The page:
That’s Not The Way Things Go

March 15, 2008
By Lucyana Randall, Newport, RI

I can still remember the first time I saw her. She was wandering the bookshelves at Barnes and Nobles, and she was shaking like a leaf. Her fingers tugged on her left earlobe violently, and her other arm was wrapped around her stomach, as if she would be sick. She was beautiful. Not beautiful as in the cliché-teenage-supermodel-in-a-teen-novel kind of beautiful. She was beautiful in a way I had never seen before, not beautiful, per se, but haunting. Her skin was so white it was almost translucent, and she had dull brown hair that wasn’t like the other girls I knew—shiny and pin-straight. It grew in wild waves that stayed close to her head, clinging to her neck and shoulders as if someone had desperately tried to control it.

And every time she reached for a book, she hesitated, as if unsure as whether to unwrap an arm from her stomach or to remove her hand from her ear. It was always the stomach though. She would look furtively around to make sure no one was watching, and then gingerly remove her hand from her stomach, reaching out to grab to book and read its jacket quickly, so as to replace it as soon as possible. I can remember watching her from the Europe 1600 aisle, which, as far as I knew, no one inhabited. She would scurry past the science fiction, and their buxom alien babes, and past all the supermodel autobiographies. The tugging on her ear would grow relentless as she passed the magazine racks and the issues of Maxim.

I followed her, and I only saw her take her hand away from her ear once. When she did, to steady herself on a bookshelf, I could see that the ear was a bright, violent scarlet, because she had been clamping it so hard. She slid along the bookshelf onto the floor and began weeping. I could see a shelf of Japanese comic books in front of her, filled with thin, happy girls. She reached up and began tugging at her ear quickly, tears still trailing down her cheeks, unsteadily climbing to her feet.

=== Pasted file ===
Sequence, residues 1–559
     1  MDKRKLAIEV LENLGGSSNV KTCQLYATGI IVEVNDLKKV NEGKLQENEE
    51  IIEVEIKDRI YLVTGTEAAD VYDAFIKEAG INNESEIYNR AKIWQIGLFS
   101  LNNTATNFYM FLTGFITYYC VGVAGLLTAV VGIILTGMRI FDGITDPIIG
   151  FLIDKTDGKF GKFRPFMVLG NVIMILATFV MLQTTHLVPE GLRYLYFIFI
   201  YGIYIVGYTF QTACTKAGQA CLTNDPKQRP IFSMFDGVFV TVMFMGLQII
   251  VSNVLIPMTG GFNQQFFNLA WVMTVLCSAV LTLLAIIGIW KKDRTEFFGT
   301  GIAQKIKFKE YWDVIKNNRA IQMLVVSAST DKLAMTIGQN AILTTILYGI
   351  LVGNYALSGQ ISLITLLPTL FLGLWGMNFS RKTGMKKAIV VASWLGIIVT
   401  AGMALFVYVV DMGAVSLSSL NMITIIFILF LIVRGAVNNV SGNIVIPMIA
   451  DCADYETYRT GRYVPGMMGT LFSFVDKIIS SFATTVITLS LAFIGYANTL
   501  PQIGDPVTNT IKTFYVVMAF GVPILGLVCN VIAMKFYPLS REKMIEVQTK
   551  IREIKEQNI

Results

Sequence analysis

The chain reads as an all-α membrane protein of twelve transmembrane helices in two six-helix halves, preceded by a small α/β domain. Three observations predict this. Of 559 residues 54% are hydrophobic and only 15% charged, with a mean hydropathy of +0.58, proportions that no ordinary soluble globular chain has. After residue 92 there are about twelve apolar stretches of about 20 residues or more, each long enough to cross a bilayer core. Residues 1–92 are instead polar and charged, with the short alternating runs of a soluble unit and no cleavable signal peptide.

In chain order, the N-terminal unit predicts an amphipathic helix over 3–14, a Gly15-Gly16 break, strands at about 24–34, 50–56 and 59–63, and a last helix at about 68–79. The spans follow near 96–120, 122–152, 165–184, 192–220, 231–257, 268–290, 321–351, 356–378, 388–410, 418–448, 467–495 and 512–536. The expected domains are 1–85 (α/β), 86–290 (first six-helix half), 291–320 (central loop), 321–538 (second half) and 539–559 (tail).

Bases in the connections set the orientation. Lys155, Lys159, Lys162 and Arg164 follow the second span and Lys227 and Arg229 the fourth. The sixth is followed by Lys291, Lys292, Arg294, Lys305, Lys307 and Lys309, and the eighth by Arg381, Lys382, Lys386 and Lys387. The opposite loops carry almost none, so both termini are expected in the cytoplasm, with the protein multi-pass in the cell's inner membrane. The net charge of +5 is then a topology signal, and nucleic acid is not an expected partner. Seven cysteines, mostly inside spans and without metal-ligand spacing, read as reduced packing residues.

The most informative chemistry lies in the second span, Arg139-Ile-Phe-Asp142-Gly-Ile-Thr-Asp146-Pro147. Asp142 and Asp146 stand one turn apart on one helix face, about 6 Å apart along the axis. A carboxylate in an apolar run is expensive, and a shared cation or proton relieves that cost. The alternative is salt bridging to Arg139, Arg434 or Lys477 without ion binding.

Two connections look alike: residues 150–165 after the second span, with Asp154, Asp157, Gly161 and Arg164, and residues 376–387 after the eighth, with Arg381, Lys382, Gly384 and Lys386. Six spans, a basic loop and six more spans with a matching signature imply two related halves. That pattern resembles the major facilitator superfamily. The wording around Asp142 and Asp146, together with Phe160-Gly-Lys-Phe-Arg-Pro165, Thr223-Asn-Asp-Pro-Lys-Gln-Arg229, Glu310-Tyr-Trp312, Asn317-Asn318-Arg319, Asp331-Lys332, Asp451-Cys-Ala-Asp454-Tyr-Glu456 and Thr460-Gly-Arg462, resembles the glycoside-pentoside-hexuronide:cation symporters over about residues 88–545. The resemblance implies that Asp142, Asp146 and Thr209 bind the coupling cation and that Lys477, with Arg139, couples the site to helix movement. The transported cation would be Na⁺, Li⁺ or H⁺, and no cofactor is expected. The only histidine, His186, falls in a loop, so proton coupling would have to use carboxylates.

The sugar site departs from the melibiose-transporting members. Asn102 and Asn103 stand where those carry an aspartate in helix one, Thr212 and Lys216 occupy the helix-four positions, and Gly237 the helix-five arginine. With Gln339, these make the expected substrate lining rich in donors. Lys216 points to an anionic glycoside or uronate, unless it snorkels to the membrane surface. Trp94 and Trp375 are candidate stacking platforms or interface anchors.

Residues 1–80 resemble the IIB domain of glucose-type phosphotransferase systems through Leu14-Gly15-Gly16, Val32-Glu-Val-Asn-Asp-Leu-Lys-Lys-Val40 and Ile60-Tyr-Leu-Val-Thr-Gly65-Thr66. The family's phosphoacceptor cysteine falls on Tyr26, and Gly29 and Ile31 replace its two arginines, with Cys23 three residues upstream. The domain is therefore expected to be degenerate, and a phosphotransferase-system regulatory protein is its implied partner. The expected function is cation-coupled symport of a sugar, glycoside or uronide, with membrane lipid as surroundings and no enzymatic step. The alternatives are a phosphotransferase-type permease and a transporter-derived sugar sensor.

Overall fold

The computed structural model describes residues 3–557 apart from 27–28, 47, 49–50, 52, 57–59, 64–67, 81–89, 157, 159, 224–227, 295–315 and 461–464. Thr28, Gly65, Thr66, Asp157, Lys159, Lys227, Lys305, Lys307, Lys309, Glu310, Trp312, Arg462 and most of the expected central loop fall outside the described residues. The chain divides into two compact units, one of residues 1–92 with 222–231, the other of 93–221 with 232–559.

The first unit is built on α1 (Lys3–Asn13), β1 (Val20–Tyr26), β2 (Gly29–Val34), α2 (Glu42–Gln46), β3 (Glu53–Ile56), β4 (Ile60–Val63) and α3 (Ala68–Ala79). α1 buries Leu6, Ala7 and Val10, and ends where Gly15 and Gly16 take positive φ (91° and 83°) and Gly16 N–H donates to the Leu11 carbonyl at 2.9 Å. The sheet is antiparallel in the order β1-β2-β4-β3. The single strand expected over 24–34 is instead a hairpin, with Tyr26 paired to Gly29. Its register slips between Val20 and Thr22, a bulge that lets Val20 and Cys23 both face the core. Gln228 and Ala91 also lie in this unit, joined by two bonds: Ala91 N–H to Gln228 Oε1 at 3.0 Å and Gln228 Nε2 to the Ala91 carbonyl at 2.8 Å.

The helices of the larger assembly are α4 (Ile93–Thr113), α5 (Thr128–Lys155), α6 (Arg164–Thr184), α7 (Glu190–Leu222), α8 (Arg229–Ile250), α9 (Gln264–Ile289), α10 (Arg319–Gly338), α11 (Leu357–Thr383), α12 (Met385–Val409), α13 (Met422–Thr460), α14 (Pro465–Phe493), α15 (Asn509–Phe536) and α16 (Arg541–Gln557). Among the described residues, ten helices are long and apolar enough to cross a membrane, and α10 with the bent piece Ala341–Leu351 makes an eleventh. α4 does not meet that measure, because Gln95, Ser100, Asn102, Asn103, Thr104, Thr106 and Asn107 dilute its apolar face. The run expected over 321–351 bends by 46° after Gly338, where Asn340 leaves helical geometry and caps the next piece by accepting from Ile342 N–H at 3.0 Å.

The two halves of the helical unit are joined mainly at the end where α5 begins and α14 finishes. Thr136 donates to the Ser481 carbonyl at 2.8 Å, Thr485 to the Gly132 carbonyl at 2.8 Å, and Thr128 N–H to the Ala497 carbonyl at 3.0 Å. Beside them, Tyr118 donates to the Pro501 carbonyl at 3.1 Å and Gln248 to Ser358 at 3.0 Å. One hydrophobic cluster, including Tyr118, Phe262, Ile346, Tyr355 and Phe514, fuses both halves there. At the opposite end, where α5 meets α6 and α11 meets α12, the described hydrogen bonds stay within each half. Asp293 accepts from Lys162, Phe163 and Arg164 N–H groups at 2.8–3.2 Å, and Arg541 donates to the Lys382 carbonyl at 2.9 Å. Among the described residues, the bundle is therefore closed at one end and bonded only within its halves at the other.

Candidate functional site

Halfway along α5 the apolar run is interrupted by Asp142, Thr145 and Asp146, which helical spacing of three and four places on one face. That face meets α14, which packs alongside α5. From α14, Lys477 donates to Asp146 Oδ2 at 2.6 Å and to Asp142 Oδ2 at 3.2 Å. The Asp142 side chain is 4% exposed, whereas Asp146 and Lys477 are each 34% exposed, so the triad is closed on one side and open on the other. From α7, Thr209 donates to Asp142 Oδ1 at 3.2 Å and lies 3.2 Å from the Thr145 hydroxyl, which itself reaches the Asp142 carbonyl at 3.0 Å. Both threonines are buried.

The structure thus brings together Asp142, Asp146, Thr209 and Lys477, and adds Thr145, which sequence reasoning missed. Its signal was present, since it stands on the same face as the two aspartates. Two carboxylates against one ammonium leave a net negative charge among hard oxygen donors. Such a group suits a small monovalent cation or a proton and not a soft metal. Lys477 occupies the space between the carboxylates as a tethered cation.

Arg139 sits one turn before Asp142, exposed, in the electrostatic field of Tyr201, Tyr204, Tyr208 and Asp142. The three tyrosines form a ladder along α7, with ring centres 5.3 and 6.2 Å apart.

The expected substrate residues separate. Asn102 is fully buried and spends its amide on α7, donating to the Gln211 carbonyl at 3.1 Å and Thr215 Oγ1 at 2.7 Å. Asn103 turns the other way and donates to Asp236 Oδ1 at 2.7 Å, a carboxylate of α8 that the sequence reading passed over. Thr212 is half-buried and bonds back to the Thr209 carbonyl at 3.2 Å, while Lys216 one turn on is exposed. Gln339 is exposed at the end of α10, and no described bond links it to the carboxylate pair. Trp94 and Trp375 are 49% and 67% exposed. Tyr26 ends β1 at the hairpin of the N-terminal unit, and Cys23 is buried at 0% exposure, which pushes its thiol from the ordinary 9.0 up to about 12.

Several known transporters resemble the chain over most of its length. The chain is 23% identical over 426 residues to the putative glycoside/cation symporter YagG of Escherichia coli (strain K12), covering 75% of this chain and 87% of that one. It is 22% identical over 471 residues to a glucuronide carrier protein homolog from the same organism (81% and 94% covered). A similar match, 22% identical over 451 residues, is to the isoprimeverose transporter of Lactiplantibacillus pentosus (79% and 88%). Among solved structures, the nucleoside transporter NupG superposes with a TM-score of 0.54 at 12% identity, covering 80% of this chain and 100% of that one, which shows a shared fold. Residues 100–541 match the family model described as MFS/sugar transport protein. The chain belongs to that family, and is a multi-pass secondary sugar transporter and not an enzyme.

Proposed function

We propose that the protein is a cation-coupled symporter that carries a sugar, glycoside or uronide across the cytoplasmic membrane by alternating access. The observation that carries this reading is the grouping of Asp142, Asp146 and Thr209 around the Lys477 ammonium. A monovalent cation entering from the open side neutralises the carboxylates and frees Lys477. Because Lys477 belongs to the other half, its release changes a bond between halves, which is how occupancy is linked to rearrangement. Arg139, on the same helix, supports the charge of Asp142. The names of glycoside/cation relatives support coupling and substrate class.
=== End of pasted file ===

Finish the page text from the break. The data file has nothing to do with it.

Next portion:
I would later learn that the tugging kept her balanced. Grounded. Like when you’re a little kid and you have to stand on one leg. Tugging your left earlobe kept you in check. But with her, it was all the time. She felt like a leaf about to blow away in a gust of emotion, and the childhood habit was all that she could cling to, the only thing she could anchor to. I can still remember her, clear as day, shivering as though she were in the Antarctic, so fragile that she shook.

I could never really understand why. Why her? And why me? I guess that at the time, I saw her as a problem. The only problem I knew I could fix. How was it that the only problem that wasn’t my responsibility was the only one I could solve? Thinking about it, I mean, I had no business stalking her that day in the bookstore. And I certainly had no business asking if she needed something warmer since she was shaking so hard. But she enchanted me. I wanted to fix something. So many things were wrong, and I needed to fix the only one that there was a remote probability of fixing.

Oh god, I miss her. She was so skinny that day in the bookstore, the day I met her. The arm. The ear. I should have known! I should have never asked her to a cup of tea. Never gotten involved. Never thought that I could fix something so broken. But I didn’t know. And by the time I did, I loved her too much to leave her stranded. So I sat with her at the dinner table and watched her eat a miniscule amount. I sat with her in the bathroom and watched her throw up, and then pretended it was OK. I wanted to fix her. I thought that maybe I could. Maybe, for once in my life, the big guy would be on my side? But no. That’s not how things work in the Jack Lansing universe. That’s not how things go. You can’t just cut me a break, huh, big guy? It’s not enough to make me let go of my home, my life. You have to take away the one thing that made it seem like I mattered again. And that’s why I’m here. Because I mattered once, to one person. To one person who I could talk to. I mattered to one person; I could help one person, be needed. Delia Natterly needed me.
And that’s why I am speaking at her funeral.

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